Bad Ways to Get Data
In working on my Sapper export library, I ran into a very peculiar problem: my pages were being generated a lot more slowly than expected:
- I was generating ~100 pages, and it took about 16 seconds (0.16s/page)
- https://insiderx.com/ does 30k pages, and it takes 15 minutes (0.03s/page)
- an extremely simple tweak of the default Sapper app generates 100k very content light pages in 95 seconds (0.001s/page)
- Gatsby v2 built about 5000 pages in 37 seconds, 25k pages in 7.5mins (0.01 - 0.02s/page)
- Do Expensive Reads Over and Over
- Do One Big Read Upfront
- Have No Way to Profile
- Have No Way to Test Cheaply
- Use synchronous I/O in an asynchronous environment
- Do Everything Twice
- Have No Idea if You Need to Redo Work
- Have No Way to Estimate Time For Completion
- Ultimate lesson: Have a Plan
So I was at least an order of magnitude off of where I should be. I originally thought that this was justified, as I’d been told Sapper uses puppeteer to crawl pages, but this was wrong. I thought it might be json serialization/desrialization over the local server, but this was wrong.
It was the fetching of the data.
Because I had handcooked my own data process to be a single function that, when called, returned a Big Ball of Data, it was easy to code each page call to fetch this Big Ball every single page despite not needing it. If the reads were expensive (which they were, with syntax highlighting), then they were executed for each file, for each page, over and over and over again.
Once I realized this, the fix was obvious. Refactor the data pipeline to have an upfront data read, dump it somewhere as a static, postprocessed file, and then only refer to that static file where reads are guaranteed to be cheap.
As of writing, this blog now exports its ~100 pages in 7s (0.07s/page). Still slow but half as bad.
So this is where we are now. everything happens in sequence. I can’t do anything with the result of the first file read until I am done with the last file read. I am storing the data as one big ball, which means reading it is also one big ball. Which of these are the bottlenecks? Or is it something else I don’t even know about?
It seems like a really good way to be bad at getting data quickly is to not have any information with which to improve.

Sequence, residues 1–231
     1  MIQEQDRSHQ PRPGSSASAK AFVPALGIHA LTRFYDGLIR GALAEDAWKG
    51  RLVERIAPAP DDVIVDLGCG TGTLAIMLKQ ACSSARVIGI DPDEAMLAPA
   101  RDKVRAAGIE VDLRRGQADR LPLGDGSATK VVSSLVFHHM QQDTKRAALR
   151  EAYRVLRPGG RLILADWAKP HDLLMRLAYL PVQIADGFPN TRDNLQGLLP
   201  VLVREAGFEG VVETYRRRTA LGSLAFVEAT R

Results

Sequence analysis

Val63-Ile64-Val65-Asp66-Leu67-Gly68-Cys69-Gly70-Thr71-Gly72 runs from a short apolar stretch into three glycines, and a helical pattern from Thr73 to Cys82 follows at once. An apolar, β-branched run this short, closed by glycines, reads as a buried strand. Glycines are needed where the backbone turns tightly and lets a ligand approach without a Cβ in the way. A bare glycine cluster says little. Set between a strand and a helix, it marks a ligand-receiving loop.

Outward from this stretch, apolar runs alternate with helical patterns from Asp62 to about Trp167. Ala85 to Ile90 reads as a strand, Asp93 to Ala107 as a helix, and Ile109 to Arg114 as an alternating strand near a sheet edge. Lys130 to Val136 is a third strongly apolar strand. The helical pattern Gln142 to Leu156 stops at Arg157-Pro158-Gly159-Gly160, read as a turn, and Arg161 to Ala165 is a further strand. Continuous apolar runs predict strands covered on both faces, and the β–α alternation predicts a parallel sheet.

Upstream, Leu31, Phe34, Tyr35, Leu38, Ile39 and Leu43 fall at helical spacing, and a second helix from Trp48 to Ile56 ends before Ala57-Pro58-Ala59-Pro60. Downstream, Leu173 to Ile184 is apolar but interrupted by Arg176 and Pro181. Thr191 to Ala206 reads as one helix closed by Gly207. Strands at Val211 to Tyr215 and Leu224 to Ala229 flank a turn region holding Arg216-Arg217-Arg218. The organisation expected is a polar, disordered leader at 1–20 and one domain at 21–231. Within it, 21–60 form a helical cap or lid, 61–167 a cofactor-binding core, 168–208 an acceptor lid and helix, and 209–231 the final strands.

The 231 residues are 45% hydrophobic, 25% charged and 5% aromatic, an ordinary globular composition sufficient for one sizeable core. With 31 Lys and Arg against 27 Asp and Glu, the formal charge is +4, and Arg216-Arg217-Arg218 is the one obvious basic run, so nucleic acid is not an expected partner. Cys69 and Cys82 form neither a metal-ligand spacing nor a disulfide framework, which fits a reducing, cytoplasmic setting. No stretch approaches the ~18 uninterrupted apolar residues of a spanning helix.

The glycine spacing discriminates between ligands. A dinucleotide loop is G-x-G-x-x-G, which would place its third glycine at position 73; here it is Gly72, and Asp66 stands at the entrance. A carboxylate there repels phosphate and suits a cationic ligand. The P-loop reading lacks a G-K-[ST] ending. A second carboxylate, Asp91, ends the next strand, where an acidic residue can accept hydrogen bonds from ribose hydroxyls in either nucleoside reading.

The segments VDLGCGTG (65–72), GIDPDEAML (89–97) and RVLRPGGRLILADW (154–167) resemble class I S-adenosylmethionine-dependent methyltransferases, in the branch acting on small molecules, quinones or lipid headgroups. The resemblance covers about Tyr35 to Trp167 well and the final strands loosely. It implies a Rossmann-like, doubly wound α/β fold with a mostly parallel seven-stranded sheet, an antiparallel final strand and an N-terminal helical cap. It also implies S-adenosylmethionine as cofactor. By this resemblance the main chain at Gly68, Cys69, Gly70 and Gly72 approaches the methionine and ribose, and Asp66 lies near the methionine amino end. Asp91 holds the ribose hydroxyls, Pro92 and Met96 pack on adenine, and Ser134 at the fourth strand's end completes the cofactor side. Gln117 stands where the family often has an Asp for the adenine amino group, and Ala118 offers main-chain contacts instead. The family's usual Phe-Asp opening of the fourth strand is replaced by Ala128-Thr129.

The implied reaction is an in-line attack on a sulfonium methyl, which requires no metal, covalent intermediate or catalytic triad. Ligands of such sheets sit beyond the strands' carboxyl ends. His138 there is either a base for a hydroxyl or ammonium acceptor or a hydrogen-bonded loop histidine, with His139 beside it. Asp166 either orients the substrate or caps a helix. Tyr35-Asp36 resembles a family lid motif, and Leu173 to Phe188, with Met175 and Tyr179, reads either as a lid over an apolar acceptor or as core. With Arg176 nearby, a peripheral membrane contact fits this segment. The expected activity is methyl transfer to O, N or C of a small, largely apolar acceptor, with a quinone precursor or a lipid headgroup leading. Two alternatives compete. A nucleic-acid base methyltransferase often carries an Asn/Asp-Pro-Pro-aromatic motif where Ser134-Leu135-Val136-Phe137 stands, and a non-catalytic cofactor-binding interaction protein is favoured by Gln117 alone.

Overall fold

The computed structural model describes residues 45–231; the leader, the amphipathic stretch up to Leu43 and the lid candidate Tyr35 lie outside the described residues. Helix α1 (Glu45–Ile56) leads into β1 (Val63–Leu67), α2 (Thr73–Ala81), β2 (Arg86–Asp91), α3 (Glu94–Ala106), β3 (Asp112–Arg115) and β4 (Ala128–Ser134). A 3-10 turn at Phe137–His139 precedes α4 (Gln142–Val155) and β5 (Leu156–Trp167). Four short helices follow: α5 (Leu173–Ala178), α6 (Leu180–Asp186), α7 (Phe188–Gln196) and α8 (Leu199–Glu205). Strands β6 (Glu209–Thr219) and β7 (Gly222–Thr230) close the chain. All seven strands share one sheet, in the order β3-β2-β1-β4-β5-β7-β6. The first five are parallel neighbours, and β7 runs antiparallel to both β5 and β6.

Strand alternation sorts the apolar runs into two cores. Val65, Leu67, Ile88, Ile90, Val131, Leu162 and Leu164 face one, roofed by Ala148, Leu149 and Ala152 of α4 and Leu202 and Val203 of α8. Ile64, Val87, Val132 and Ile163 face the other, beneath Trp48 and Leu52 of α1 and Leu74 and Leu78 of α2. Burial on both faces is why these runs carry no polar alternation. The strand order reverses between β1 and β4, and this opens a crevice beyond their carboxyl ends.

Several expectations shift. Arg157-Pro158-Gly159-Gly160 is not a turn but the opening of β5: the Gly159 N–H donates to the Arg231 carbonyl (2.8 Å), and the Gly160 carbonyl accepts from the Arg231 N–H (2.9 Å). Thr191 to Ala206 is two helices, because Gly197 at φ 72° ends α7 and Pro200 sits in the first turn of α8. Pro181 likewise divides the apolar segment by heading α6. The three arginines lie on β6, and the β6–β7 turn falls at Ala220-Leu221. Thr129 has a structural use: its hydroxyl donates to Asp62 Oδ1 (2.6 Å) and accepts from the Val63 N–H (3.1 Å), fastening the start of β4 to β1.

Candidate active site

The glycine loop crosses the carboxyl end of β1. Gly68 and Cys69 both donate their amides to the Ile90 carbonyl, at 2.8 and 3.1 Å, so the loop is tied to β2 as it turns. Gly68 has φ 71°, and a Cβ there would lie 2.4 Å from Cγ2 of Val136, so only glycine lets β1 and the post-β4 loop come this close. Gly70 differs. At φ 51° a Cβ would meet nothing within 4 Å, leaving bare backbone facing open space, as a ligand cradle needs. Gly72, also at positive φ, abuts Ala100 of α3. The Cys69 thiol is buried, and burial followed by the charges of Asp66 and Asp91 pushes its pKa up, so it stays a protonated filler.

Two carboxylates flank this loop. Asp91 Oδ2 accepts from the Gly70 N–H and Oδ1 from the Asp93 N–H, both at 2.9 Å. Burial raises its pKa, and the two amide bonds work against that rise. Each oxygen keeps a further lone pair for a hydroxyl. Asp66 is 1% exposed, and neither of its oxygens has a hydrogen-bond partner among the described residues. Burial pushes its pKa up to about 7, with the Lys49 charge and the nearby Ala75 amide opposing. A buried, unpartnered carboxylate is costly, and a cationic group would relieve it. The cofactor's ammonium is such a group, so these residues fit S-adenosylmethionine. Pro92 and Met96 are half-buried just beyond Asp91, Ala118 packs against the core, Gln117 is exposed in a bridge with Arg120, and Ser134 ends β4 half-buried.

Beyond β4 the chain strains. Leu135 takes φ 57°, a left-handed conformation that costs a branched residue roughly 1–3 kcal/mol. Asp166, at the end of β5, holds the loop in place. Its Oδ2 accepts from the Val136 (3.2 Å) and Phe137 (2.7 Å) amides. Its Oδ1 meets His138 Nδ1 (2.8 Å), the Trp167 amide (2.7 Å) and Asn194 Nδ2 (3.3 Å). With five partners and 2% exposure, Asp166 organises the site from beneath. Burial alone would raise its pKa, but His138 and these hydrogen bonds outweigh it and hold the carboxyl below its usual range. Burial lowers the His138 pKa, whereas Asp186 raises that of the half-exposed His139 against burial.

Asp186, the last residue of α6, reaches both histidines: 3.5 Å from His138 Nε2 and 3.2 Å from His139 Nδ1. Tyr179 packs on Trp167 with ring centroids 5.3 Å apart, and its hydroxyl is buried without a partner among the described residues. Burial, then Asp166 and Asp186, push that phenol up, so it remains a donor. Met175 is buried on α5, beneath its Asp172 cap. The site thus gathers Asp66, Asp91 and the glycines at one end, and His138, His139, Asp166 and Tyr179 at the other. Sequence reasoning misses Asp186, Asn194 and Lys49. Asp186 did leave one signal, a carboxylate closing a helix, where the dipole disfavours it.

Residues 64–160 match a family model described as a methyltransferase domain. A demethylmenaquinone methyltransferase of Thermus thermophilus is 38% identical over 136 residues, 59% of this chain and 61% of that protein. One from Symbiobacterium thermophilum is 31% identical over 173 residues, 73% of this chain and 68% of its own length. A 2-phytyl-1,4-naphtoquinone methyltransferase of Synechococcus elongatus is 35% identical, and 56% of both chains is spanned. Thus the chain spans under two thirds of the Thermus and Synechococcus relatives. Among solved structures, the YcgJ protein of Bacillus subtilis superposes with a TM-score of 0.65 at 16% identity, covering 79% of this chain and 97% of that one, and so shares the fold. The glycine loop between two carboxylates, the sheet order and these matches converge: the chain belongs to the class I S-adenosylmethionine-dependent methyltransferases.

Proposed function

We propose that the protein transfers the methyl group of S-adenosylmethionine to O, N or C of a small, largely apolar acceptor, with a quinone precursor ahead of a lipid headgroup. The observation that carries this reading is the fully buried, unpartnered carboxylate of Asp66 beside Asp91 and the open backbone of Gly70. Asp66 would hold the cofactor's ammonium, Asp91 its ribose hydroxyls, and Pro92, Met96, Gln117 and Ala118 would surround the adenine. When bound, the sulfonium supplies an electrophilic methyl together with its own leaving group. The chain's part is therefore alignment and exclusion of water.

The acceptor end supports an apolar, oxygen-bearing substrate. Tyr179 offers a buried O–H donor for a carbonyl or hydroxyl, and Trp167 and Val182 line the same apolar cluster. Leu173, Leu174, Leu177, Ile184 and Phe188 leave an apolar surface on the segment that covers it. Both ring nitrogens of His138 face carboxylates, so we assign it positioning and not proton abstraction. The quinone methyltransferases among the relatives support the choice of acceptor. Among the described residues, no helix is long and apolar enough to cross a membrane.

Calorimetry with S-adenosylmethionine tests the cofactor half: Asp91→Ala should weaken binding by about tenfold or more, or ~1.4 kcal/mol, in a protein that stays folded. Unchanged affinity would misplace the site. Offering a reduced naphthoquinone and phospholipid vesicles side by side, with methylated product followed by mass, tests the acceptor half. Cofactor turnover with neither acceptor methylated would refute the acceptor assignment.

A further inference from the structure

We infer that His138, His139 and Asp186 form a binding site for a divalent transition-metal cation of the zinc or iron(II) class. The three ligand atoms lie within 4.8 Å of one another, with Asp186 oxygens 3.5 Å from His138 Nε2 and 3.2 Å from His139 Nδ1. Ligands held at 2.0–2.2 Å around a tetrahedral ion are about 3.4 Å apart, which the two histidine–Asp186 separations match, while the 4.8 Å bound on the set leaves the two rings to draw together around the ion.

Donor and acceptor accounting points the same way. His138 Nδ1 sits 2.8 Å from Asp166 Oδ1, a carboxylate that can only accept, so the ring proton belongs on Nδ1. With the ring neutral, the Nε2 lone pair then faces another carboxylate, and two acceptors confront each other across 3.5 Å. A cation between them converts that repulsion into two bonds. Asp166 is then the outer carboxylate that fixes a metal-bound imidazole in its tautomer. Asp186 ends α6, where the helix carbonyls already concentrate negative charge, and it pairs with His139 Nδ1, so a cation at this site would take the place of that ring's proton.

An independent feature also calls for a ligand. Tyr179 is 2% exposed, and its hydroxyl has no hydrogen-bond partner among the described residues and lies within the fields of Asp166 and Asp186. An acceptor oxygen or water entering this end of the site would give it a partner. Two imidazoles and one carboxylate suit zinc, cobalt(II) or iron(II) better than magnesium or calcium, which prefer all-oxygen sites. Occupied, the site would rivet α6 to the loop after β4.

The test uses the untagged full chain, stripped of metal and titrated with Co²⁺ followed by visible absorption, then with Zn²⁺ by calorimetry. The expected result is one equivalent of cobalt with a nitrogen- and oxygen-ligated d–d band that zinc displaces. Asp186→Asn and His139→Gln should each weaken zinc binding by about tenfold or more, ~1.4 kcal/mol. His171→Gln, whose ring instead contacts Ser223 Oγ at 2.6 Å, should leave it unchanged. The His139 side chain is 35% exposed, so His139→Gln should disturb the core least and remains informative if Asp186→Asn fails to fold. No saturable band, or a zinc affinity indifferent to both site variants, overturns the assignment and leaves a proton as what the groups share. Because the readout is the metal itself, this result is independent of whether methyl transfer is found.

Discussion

Some plugin systems encourage tacking plugin after plugin with no way to debug apart from just running the code and seeing if it works. Plugins should be led by an introspection API that can be logged out and studied without actually executing. A strong parallel is GraphQL’s schema system and GraphiQL.
writeFileSync to write files. This means essentially each file writing blocks the next. Pretty silly when Node is supposed to be async by default? Very nice way to mutex yourself for convenience.
Currently I read source data, combine and save it to the Big Ball, then query against it for a slice, and then save the slice again. Why not directly read and save slices and be the end of it?
There’s a need to store indexes that cut across slices. Should we do that during, between, or after the slice read/writes?
Immediate mode is easy to debug and write, because you throw away all state and so you are only responsible for declaring new state, however of course Retained mode can be more efficient if you do it right.
The way to do this is to have the idea of “pure functions” in data fetches. Given this assumption, you can memoize on these inputs, and skip fetches.
There’s a related idea as well, where if you consider that data fetch processes can be expensive both in the initial fetch and also in the postprocessing, to do two things:
- if it is possible to fetch an index, memoize on that index and only fetch items based on specific invalidated caches.
- You can still do the full initial fetch, but still memoize the postprocessing.
The halting problem is intractable, but you can at least give a credible estimate of time to completion by using cumulative and prior results. This is important for long processes like Machine Learning.
I think this lesson is a general one from the Database world - before making big data queries, make a Query Plan! Also called a manifest. I guess the difference between a plan and a manifest is that a manifest can have useful info for others to consume, while a plan has no such obligation.
You can then make optimizations across the plan, as well as memoize parts of it based off a manifest, and so on.
That any large data pipeline should learn lessons from the data world seems so brutally obvious in retrospect, but we consistently fail to design prototypes and API’s that respect this basic principle.